Remuneration schemes vary widely in the UK, but the word “liquidator” appears most often.
Its meaning is almost always a reference to the company or institution that collects and distributes profits from a business.
Remunerations for liquidators are often referred to as “liquidation fees”.
The term also comes from the British legal term for a “liquidated debt”.
Some definitions for liquidation fees are included in the Oxford English Dictionary.
Remployee and liquidator are commonly used to refer to a liquidator who takes over a company, as in a remployee or liquidator.
A remploye is a legal person appointed by the company to manage its affairs.
A liquidator is a person who takes control of a company.
Remitting companies in the past have used the word liquidator as a synonym for remunerator, meaning “to take over”.
This is also the preferred spelling of the word for liquidator, and is used in some of the more technical legal terminology.
In the US, it is often referred by the less formal term, “liquidators”.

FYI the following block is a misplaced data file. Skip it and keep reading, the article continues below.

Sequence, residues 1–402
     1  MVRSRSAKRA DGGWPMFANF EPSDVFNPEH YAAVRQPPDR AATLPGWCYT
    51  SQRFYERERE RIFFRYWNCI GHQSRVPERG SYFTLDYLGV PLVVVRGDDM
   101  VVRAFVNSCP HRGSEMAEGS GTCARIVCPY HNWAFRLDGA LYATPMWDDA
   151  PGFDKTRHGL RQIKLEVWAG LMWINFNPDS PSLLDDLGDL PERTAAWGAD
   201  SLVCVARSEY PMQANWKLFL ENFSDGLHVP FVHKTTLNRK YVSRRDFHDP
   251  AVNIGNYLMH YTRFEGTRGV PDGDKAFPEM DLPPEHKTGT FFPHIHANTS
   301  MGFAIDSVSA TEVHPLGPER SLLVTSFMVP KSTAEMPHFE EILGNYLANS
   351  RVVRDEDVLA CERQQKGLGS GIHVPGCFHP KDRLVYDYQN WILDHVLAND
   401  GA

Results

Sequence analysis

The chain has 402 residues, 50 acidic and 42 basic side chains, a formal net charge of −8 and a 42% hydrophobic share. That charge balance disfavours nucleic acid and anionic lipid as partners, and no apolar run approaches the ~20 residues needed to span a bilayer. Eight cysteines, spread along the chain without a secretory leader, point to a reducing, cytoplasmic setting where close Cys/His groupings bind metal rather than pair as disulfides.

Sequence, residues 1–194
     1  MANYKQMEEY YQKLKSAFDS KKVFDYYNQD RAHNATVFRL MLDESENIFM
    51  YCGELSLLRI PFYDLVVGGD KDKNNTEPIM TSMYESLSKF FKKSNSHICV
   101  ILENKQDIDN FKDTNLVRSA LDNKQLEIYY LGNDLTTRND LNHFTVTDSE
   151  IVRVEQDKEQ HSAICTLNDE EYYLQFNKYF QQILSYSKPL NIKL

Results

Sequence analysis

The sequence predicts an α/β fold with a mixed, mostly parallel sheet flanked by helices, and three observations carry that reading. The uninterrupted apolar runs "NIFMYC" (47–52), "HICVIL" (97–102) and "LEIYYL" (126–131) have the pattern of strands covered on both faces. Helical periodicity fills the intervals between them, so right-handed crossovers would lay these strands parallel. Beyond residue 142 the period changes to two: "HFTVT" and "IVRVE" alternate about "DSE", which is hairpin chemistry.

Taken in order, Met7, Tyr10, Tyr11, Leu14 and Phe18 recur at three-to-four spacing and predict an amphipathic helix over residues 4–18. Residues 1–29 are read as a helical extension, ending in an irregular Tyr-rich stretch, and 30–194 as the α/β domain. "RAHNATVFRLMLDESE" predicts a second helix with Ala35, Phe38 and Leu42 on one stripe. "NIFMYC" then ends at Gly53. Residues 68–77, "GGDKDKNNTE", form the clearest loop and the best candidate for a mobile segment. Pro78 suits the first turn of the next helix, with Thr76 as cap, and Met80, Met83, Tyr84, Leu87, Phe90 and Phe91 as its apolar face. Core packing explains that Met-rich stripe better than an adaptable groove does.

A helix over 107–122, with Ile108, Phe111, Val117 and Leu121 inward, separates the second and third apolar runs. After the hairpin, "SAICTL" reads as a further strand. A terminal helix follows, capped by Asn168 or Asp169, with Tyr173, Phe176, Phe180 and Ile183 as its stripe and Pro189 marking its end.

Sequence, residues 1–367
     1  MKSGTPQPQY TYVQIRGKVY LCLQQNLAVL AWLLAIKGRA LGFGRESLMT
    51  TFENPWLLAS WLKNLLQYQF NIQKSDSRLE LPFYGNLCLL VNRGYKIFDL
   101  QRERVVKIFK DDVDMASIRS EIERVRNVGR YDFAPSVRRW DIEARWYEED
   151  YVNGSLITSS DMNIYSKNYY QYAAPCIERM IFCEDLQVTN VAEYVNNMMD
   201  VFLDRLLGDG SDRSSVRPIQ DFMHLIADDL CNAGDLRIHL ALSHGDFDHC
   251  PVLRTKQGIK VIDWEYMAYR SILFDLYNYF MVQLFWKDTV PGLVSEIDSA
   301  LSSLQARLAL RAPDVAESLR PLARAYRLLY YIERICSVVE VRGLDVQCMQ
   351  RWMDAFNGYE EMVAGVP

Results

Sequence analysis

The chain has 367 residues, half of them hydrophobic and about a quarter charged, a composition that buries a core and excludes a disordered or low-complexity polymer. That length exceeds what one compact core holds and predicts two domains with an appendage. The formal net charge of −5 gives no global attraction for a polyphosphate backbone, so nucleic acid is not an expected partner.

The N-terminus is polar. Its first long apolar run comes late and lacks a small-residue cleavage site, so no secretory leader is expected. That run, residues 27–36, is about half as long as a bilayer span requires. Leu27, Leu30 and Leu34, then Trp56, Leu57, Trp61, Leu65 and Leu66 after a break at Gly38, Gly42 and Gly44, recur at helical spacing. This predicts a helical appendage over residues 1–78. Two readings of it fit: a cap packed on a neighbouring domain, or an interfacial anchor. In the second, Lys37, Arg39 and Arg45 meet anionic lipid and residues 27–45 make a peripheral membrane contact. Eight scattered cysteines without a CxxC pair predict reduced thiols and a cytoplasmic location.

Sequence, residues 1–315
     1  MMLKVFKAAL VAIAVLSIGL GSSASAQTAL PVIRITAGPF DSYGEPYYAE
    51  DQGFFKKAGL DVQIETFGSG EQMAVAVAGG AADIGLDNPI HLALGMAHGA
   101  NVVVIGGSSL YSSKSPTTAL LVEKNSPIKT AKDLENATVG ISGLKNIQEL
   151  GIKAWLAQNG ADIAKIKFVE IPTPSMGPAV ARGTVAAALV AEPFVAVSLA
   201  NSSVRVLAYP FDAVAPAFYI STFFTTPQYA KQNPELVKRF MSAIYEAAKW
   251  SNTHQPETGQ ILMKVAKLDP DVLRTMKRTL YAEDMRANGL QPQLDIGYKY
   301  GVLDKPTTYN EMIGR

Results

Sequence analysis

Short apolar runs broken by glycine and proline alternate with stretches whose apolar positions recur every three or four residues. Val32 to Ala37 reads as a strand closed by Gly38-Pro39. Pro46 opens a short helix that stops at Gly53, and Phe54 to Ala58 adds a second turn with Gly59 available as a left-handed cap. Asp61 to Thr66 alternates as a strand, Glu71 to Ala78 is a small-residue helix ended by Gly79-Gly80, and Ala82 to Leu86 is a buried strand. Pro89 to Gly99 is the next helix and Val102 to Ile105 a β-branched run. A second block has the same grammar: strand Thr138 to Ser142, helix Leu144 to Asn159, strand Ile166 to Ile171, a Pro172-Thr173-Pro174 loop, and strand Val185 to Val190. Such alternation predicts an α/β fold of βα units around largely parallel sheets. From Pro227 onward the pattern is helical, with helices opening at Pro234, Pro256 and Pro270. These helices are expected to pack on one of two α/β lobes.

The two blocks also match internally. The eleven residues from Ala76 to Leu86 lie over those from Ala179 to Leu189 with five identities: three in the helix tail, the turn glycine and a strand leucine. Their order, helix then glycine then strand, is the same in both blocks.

Remploye has a longer history than liquidator but has also been used in other contexts, notably as an alternative spelling of remiss and the spelling for a person or entity who has no legal responsibility for the company.
A recent article in the American Lawyer explained that the term was used in 1775 to refer only to a “small number of individuals who had not been paid in the previous year”.
Remission, remunerition, and remuneratising is used by a lot of people, but remployment has also become more common.
In most legal contexts, it refers to the legal obligation of a person to take responsibility for a business that has been liquidated or the failure of a business to pay its debts.
Some businesses, however, have become insolvent and therefore unable to pay their debts.
As a result, the company is likely to receive remunerations in the form of dividends and interest on its profits, although the exact amount will depend on the circumstances.